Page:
Let me add that I've been referring to general organizational change, that is, running businesses and managing the corporation. But all of us are immensely devoted to the target of having excellent processes that perform well for our customers. Once we'd thought that out, we needed to specify what, exactly, are the steps of the manufacturing and other processes. We had to come at it in an open-ended, amorphous way in order to give people a chance to recast it into a very precise organization that works well for customers.
QD: Did you use a particular approach with people when they resisted change?
Galvin: Yes, but because the company is built on two beliefs -- respect for the dignity of the individual and uncompromising integrity -- those ideological underpinnings are inescapably the foundation for dealing with differences. If you have trust and respect for each other, you can discuss very candidly whether we should do this or should do that.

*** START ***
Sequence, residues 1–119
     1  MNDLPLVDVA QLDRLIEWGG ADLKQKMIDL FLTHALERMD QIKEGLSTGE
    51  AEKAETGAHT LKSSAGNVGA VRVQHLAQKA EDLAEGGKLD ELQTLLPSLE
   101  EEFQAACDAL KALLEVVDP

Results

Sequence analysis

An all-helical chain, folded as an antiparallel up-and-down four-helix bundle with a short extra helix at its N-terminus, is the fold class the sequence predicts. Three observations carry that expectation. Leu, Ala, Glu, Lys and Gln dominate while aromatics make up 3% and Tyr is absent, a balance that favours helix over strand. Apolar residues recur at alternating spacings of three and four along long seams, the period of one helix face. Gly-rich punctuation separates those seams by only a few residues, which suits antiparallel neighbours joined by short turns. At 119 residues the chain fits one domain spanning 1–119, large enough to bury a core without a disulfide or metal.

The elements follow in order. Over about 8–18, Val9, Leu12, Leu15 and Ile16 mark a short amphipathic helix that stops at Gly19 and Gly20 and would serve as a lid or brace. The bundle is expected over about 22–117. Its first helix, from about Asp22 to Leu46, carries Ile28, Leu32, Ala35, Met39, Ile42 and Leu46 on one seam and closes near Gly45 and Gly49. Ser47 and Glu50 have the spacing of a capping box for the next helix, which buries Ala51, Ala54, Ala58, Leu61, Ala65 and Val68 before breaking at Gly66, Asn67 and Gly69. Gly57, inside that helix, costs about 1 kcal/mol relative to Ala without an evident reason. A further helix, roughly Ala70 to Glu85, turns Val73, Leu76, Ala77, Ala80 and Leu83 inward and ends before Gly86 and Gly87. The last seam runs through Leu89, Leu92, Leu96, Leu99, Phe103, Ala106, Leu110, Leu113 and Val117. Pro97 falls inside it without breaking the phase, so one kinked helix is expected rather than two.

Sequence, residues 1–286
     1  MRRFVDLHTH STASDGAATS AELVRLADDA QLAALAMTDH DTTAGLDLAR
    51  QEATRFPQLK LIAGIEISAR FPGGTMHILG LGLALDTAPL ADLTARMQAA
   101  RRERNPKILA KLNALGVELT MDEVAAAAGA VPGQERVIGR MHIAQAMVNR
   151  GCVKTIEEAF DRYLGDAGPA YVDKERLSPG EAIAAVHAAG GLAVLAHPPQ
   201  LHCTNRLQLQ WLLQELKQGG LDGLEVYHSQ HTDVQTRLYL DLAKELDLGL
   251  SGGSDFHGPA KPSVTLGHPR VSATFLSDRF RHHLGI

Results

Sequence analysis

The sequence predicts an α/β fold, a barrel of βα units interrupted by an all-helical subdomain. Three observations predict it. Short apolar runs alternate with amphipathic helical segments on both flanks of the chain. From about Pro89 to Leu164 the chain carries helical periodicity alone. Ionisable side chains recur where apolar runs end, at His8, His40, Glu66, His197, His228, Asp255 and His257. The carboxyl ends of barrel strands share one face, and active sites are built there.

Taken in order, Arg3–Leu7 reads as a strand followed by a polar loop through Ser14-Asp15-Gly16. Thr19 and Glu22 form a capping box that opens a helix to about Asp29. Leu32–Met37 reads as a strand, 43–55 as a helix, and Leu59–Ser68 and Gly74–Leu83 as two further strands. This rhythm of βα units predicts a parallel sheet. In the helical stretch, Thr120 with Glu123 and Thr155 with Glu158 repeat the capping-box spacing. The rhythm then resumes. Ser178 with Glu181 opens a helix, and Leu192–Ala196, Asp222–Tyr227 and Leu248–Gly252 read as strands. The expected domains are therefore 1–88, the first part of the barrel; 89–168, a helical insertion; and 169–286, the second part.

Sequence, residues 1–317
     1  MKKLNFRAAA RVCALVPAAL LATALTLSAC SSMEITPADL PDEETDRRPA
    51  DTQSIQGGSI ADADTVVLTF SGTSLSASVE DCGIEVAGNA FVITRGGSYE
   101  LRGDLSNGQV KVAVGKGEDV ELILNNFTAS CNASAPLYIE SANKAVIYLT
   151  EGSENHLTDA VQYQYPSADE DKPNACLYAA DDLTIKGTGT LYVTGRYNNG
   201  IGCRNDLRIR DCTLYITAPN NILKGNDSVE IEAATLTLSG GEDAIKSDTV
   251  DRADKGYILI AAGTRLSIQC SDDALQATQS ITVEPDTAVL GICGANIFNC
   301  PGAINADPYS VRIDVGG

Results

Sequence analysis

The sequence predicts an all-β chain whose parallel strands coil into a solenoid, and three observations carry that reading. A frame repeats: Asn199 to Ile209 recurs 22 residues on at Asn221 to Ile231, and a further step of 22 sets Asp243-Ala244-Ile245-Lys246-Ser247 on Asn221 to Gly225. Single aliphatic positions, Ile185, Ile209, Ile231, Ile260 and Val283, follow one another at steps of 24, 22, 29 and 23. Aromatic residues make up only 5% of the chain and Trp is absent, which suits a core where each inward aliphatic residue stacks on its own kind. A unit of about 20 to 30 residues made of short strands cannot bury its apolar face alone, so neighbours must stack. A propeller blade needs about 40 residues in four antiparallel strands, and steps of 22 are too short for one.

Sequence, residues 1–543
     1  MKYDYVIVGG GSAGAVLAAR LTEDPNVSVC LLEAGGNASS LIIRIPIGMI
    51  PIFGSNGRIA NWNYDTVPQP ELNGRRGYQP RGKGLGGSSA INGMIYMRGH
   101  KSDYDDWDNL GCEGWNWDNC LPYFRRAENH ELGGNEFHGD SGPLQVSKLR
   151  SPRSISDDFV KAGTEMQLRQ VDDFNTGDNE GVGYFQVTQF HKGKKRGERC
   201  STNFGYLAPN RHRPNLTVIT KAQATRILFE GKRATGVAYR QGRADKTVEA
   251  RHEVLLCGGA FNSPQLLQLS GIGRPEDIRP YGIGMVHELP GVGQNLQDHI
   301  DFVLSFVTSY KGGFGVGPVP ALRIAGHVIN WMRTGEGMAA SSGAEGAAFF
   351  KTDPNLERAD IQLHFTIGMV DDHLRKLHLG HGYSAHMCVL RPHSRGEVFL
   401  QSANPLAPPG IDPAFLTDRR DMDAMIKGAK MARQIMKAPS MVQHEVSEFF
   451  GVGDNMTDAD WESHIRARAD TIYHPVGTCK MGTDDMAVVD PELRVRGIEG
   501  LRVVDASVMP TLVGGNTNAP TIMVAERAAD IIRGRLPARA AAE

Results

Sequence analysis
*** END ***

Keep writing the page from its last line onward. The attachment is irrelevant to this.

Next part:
Whenever an organization has been going in one vector and the leader wants to go elsewhere, the majority isn't going to want to do that. It's perfectly natural. When it was necessary and I had to take a minority position, most of the time it turned out OK. There are plenty of things to change in an organization; someone has to discover them.
QD: Motorola's values seem to set it apart from a lot of other corporations that manage situationally -- that is, they lay off people during an economic downturn or downsize to increase shareholder dividends. Are values instrumental in such decisions at Motorola?
Galvin: Yes, we write these things down. Our little wallet card [which articulates the supporting beliefs, goals and initiatives, and states everyone's overriding responsibility as total customer satisfaction] contains our set of pivotal values. Other values are that we will renew, and we will found new industries.